Be it schools around the world, certain traditions or our favourite back-to-school items, here are 10 facts that will impress the whole family. It just might get your little ones back in the spirit of homework, tests and, of course, recess!Photo: UTurnPix/iStockphoto
Think eight weeks of summer vacation is too long? In Chile, summer vacation lasts from mid-December to early March, meaning Chilean children are off for about 12 weeks. And in Ethiopia, vacation is 12 to 15 weeks, depending on the school.
Germany, however, only has a very short six week vacation.
Photo by Josh Pesavento via Flickr
Everyone's favourite colouring utensil, the crayon, ranks #18 on the list of most recognizable scents, according to a study done by Yale University.
In the Color Census of 2000, blue was voted the favourite crayon colour. The worst? Tan, tumbleweed and spring green.
By the time a little one turns 10, they will have worn down approximately 730 crayons and will have spent about 28 minutes per day colouring (on average).
Photo by PaulSteinJC via Flickr
Before the school calendar became national, geography determined when students attended classes. In small, rural areas, school went from December to March and May to August so that kids could help plant in the spring and harvest in the fall.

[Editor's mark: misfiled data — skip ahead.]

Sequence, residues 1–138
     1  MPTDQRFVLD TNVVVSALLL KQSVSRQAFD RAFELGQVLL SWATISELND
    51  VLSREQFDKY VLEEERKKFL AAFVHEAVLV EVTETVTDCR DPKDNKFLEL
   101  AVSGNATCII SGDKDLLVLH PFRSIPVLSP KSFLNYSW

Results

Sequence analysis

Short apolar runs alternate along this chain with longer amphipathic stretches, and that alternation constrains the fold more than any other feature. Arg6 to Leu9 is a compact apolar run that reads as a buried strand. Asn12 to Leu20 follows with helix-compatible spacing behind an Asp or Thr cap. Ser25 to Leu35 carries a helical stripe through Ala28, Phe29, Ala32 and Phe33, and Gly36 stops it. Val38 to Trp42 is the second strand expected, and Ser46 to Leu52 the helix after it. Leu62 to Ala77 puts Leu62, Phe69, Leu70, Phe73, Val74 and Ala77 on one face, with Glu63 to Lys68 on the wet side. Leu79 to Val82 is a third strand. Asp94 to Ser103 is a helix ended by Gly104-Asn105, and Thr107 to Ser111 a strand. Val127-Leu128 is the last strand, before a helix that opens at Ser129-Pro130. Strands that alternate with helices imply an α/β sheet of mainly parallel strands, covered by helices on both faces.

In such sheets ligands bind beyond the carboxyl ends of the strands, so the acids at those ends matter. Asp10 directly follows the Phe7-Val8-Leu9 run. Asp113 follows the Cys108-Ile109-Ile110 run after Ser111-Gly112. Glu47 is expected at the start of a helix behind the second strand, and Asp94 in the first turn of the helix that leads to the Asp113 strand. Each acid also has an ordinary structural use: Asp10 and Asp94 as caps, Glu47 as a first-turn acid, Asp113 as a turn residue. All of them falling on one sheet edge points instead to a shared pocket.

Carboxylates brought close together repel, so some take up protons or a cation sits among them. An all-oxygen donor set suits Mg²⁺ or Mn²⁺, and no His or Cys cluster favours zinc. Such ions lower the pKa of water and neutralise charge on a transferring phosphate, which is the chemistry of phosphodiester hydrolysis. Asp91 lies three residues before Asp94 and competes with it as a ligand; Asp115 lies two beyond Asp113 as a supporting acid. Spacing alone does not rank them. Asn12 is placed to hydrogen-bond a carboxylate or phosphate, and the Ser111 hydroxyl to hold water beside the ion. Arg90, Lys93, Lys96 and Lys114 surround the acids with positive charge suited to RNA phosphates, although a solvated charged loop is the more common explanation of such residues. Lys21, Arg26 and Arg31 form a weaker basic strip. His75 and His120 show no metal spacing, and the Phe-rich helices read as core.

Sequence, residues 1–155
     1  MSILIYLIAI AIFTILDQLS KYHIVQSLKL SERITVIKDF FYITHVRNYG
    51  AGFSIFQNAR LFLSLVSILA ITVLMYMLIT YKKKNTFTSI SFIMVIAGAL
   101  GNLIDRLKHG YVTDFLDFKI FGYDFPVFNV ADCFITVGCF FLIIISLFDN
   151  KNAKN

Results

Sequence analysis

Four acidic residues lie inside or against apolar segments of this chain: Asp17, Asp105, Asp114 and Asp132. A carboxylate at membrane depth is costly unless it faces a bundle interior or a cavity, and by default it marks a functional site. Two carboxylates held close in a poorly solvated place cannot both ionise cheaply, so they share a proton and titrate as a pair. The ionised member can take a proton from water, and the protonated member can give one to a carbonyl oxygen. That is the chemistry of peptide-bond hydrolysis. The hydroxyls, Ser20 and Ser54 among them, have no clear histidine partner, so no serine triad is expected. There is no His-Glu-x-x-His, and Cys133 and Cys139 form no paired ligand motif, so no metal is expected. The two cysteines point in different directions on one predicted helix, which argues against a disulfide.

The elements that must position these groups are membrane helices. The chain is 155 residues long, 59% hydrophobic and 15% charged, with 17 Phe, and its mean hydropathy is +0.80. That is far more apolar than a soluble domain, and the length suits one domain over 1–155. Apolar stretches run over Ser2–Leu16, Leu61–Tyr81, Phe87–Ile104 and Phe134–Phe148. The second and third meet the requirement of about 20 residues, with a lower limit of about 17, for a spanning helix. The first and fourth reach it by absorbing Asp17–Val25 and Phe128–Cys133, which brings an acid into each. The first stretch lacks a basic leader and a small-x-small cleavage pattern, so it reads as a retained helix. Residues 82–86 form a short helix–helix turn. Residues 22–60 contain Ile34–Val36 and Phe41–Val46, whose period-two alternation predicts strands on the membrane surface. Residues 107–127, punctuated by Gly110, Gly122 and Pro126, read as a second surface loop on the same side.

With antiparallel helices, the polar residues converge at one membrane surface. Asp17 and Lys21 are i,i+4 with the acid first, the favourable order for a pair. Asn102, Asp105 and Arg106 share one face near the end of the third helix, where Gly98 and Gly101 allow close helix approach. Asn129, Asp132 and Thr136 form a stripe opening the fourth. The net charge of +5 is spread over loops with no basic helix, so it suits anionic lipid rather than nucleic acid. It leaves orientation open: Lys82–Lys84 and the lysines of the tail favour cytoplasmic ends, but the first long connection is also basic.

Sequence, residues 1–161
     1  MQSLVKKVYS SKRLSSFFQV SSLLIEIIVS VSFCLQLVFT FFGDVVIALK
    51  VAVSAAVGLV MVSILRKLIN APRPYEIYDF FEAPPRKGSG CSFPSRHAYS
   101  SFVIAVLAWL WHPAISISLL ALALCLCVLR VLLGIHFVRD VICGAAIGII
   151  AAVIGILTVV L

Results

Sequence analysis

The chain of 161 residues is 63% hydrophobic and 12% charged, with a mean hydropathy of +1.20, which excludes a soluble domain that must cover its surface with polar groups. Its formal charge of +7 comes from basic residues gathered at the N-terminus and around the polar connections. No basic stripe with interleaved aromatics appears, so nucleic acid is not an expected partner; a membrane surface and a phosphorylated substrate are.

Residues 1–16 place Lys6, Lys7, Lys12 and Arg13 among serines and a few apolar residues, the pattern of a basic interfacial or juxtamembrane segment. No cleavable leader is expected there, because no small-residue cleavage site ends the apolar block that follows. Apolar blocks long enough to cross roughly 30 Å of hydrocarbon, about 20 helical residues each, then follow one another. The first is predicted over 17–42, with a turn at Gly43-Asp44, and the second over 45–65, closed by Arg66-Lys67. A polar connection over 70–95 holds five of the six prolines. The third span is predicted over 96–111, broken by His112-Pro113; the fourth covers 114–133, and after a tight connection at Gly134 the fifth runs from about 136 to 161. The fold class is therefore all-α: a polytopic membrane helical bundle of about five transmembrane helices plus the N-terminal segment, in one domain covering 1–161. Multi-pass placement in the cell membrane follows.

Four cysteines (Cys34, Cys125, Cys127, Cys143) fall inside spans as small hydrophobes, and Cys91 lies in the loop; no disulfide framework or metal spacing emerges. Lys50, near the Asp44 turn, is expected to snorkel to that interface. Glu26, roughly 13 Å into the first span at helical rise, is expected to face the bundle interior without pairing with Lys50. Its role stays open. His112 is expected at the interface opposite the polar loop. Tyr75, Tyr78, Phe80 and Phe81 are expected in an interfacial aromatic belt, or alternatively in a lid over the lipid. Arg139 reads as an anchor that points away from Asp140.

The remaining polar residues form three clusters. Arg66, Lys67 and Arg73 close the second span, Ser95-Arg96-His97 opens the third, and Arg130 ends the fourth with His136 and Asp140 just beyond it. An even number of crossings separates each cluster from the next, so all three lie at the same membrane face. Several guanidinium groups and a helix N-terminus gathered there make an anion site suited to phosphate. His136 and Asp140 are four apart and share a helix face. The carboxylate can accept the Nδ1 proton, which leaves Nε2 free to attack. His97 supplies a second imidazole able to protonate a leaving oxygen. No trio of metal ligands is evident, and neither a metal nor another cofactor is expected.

In the urban centres, schools feared spread of disease in hot, crowded schoolrooms and gave their children summers off.
Photo by c.r.avery via Flickr
The biggest school in the world (in terms of pupils, not area) is the City Montessori school in Lucknow, India.
The school was set up by the Ghandi's in 1959 and has more than 32,000 students! That's more than a lot of universities (not to mention a lot of towns...)
Photo by Wrote via Flickr
Not every country has the same school days as we do here in North America. In Brazil, school runs from 7 a.m. to noon because students go home to share lunch (the most important meal) with their family. And in Mexico, students go to school Monday through Friday with elective classes on Saturdays too.
Photo by Brit. via Flickr
The tradition of giving apples to teachers dates back to the 16th century in Denmark, where parents would pay their educators with food (namely, apples since they were expensive and hard to harvest), since teachers couldn't live off their small salaries.
Photo by mrmadden77 via Flickr
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